(spoiler show)

Robin got crapped on in this book. There are those who would probably disagree with me. After all, she was technically the most important character, and by the end of the story she was briefly the richest and most powerful person on two planets. However, not only did she have a horrifying backstory, she was also a completely worthless character. Creek and Brian, the AI Creek created using a copy of his long-dead friend Brian's personality and memories (or something), did the bulk of the work, and Robin was just there. She wasn't even able to help herself when she decided that she didn't actually want all the things that had just fallen into her lap. Once again, it was Creek to the rescue.

I managed to listen to the whole book, and now I've finally reviewed it. Hurrah. A note to myself, in case I ever get the urge to give it another try, maybe see if it's better in print than in audio: don't do it. Remember the bestiality. Remember the loyal pet dog that was killed and then shot in the head in front of its owner. The AI was not worth it and mostly just felt like a guy who could do amazing stuff with computers and didn't happen to have a body. You're better off reading something else.


Rating Note:


I had a tough time deciding how to rate this. It felt like a 3-star and 1-star book had been stitched together, with the bulk of it leaning more towards 3 stars. However, as I wrote this review, all the distaste I felt for Robin's backstory and the way she was handled in general came welling back up.


(Original review posted on A Library Girl's Familiar Diversions.)

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review 2014-08-04 14:14
The Golden Ass: Or Metamorphoses by Lucius Apuleius
The Golden Ass: Or Metamorphoses (Penguin Classics) - Apuleius,E.J. Kenney

Bestiality. Kidnapping. Mugging. Ye olde carjacking. Burglary. Assault. Murder. Female paedophiles. Incest. Male rape. Adultery. Animal cruelty. Serial killers in the making. Poisonings.Homosexual priest gangbangs. Shapeshifting. Gods and goddesses. The Seven Deadly Sins. Evil mother-in-laws. Drama. Comedy. Tragedy. Adventure. Romance. Horror. Urban legends. Stories within stories. Inspiration for that Hannibal episode where a person was sewn into a dead horse’s belly.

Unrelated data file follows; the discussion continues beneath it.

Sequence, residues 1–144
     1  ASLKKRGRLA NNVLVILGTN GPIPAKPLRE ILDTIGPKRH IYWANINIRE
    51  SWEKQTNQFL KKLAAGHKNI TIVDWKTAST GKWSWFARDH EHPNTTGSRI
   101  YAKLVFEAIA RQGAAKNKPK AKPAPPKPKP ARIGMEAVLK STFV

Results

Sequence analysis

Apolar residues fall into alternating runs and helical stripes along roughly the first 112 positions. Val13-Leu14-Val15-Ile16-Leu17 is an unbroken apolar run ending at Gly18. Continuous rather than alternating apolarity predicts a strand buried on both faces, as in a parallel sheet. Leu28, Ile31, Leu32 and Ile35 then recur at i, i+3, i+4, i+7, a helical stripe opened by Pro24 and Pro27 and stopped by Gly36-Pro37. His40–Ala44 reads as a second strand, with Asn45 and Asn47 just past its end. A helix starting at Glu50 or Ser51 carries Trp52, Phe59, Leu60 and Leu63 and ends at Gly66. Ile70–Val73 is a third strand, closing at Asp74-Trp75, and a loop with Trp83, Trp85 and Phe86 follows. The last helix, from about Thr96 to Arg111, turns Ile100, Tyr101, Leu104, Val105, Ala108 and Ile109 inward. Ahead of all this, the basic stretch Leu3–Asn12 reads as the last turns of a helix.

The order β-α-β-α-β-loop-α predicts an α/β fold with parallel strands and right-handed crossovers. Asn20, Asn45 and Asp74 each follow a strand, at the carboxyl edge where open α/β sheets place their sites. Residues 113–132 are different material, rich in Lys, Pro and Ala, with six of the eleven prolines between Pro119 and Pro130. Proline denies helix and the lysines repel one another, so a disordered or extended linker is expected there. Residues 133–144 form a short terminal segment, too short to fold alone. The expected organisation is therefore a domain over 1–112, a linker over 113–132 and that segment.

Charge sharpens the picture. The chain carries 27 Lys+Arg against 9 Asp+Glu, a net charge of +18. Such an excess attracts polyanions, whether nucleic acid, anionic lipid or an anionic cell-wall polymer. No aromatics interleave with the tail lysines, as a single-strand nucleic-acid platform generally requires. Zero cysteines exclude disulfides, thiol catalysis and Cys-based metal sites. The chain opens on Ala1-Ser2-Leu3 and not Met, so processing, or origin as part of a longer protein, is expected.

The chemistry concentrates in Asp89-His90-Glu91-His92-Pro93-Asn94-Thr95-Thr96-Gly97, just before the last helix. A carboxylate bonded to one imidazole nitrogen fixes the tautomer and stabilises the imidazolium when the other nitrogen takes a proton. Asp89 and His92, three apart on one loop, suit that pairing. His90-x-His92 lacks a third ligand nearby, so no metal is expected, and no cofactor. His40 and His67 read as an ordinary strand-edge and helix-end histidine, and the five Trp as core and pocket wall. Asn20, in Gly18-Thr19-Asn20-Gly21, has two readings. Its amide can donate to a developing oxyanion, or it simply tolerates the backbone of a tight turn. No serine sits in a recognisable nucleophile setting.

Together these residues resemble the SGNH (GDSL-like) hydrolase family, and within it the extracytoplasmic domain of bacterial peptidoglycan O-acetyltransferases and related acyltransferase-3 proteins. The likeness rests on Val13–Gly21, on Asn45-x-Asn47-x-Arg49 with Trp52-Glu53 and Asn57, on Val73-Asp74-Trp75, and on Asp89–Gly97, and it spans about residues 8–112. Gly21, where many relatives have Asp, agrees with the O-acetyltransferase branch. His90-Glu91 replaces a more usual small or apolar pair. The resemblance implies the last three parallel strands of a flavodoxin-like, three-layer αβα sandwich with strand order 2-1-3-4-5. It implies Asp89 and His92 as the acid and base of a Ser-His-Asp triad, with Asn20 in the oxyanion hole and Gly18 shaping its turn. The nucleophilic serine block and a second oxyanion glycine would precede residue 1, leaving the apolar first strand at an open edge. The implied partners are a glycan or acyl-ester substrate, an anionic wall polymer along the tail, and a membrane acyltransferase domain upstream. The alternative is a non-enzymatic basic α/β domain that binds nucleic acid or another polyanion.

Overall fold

What doesn’t The Golden Ass have?


Continue reading 

Source: literaryames.wordpress.com/2014/08/04/the-golden-ass-or-metamorphoses-by-lucius-apuleius
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url 2013-10-16 18:13
Is Censorship Contagious?

About ebook retailers taking down erotic self-published books for the inclusion of rape, bestiality and incest. Why this has happened, why only self-pubbed books, why people want to read controversial subjects, and the laws of supply and demand.


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text 2013-09-04 20:33


Q. What do you get when you mix pedophilia, bestiality, and necrophilia?

A. Your average Young Adult Paranormal Romance…


Too dirty of a joke?

Well, you should’ve heard the original!


All jokes aside….


Let’s be serious!

Werewolves are sexy!

And I have no problem with necrophilia as long as the corpse is a vampire

But I do have a problem with is feeling like a pedophile for swooning over some 15 to 16 year old KID!

And here’s where the whole “point” of this post comes in!

I want to start a petition!


For Cassie Clare, and all other authors alike to make their future characters of legal age! 18 and older!

We (their fan base) are aging and we don’t want to read about some 16 year old kid accomplishing more in life then we ever will!

       If you believe in this petition… feel free to leave your name below… (I’ll be sure to add it to the list)

I’ll go first 

  1. The Book Obsessed Loser




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review 2012-08-05 00:00
Bestiality: An Historical, Medical, Legal and Literary Study - Gaston DuBois-Desaulle, A.F.N. (Translator) Not sure what to expect, I read this book because I saw it in a list from a New England Sex Clinic. Intrigued, I went to see if my library owned a copy. Colour me shocked when I found it available for lending. I'm sure the librarians handling this were thinking, what is going on. At the same time I requested two other BDSM books and another bestiality book. Either I'm really trying to get me freak on or I'm doing research. They will never know.